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November 21, 2017

Changing the conversation about alcohol  

For decades, public health advocates have fought hard to build a firewall around the tobacco industry, pushing for policies that keep the industry from interfering with governments to advance their own profits at the cost of millions of lives.

Though there is still a long way to go, these efforts have seen significant progress. Big Tobacco has largely been quarantined from crucial policy discussions at the United Nations and the World Health Organization, and nations are reconsidering their partnerships and commitments to the industry. The benefit of these efforts is millions of lives saved.

But there is another product, and industry, whose health effects are devastating communities and deserves the scrutiny of those who are working to prevent premature disease and death: alcohol.

Alcohol is a major determinate of ill health and a leading cause of disability worldwide. The human and economic burden of drinking and driving, or by the alcohol-related conditions like liver cancer, are staggering. More than 3.3 million are killed people globally each year from alcohol-related causes. This immense toll of death and disability makes alcohol use one of the main causes of many non-communicable diseases. And yet, compared to tobacco, the global effort to address the harms of alcohol is markedly subdued.

Vital Strategies’ Rebecca Perl is among those qualified to compare these efforts. Since 1993, she has worked in tobacco control, both as a reporter uncovering the industry’s deceitful tactics and as a public health advocate improving policies that blunt tobacco’s social impact.

In October, Rebecca attended the Global Alcohol Policy Conference in Melbourne, Australia to share her experience in tobacco control, and how it might be useful to advocates committed to changing how the world relates to alcohol.

While the alcohol control movement is smaller than the tobacco control movement, it makes up for it with perseverance, a deep understanding of the issues, and a comprehensive knowledge of what is required to drive progress.

What’s needed can be broken down into similar components that were essential to shifting the tide against tobacco: fighting back against industry tactics, and advocating for policies that reduce harmful alcohol use.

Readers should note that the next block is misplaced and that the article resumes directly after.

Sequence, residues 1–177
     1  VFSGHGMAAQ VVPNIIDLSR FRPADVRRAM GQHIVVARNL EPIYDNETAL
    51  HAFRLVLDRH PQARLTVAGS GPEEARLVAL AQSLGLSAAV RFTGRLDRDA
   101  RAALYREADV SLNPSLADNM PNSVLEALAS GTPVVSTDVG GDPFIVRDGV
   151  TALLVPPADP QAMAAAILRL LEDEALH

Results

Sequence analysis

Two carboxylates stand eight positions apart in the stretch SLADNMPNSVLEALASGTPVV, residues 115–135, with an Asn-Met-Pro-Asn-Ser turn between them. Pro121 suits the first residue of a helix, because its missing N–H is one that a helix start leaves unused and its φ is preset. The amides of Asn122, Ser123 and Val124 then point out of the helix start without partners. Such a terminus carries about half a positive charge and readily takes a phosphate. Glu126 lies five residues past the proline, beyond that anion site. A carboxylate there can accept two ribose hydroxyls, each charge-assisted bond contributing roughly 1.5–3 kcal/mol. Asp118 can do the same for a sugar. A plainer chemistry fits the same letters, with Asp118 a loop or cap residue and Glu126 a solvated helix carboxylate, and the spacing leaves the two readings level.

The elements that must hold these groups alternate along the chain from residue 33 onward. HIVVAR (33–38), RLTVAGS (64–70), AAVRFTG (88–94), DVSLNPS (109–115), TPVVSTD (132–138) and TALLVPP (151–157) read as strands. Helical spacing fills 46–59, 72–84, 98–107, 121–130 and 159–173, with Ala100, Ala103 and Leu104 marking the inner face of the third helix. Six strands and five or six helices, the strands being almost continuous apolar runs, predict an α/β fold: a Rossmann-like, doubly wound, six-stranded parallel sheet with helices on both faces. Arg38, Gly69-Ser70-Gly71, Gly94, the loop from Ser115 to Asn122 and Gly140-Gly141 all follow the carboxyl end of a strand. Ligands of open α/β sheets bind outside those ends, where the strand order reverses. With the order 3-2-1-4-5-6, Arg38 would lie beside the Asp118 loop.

Unlike tobacco, most people are unaware of the serious risks associated with harmful drinking. For instance, most people don’t know that alcohol is linked to over 200 disease and injury conditions, including breast, oral and colon cancer.

Alcohol use is also strongly tied to violence against women, child abuse, car crashes, suicide and homicide. And while people may be somewhat more aware of the link between these acute issues and alcohol, they are still likely to consider them matters of personal responsibility.

One of the main reasons for this lack of awareness is the alcohol industry. For decades, they have pulled tactics from the tobacco playbook, using front groups and poor scientific studies to muddy public perceptions around alcohol’s harms. Meanwhile, the industry utilizes sophisticated billion-dollar youth marketing campaigns, often targeting woman and teens, to convert people that would not normally have used alcohol around the world.

These tactics have succeeded in many cultures accepting alcohol as an essential part of our social interactions. “The industry,” as Rebecca Perl puts it, “has convinced many people that drinking is an integral part of many social occasions, from dinner parties to sporting events.” And what’s worse is that they have successfully stalled many efforts for change by insisting the dangers of alcohol come down to self-regulation.

It is a phrase we know all too well: Drink Responsibly.

We know what will work to reduce the societal harms of alcohol. As we’ve seen with tobacco, there are proven policies and interventions that can reduce the deadly prevalence of harmful alcohol use. Taxation on alcohol products, reducing availability, and restricting advertising and marketing are the most important. These interventions have proved effective in the fight against tobacco, and can be just as effective when applied to alcohol. And some places are already moving in that direction. Just last month, the New York State Metropolitan Transportation Authority announced that they would no longer allow advertisements for alcohol in the New York subway system come January 1, 2018.

While such efforts are encouraging, there is still a long way to go. Unfortunately, what’s lacking in many governments is the will to do it. But even when there is political will for change, it’s still an uphill battle.  Alcohol is in a similar place to where we were with tobacco some decades ago. People are convinced that it is too ingrained in our culture to change.”

Alcohol needs a champion. Advocates need to step up, and governments need to step up. Given that it’s a population-level problem which effects development, governments have a responsibility to protect their citizens from the harmful effects of alcohol, and people need to be educated to the dangers.

Advocates know what needs to be done. All that’s left is making it happen.

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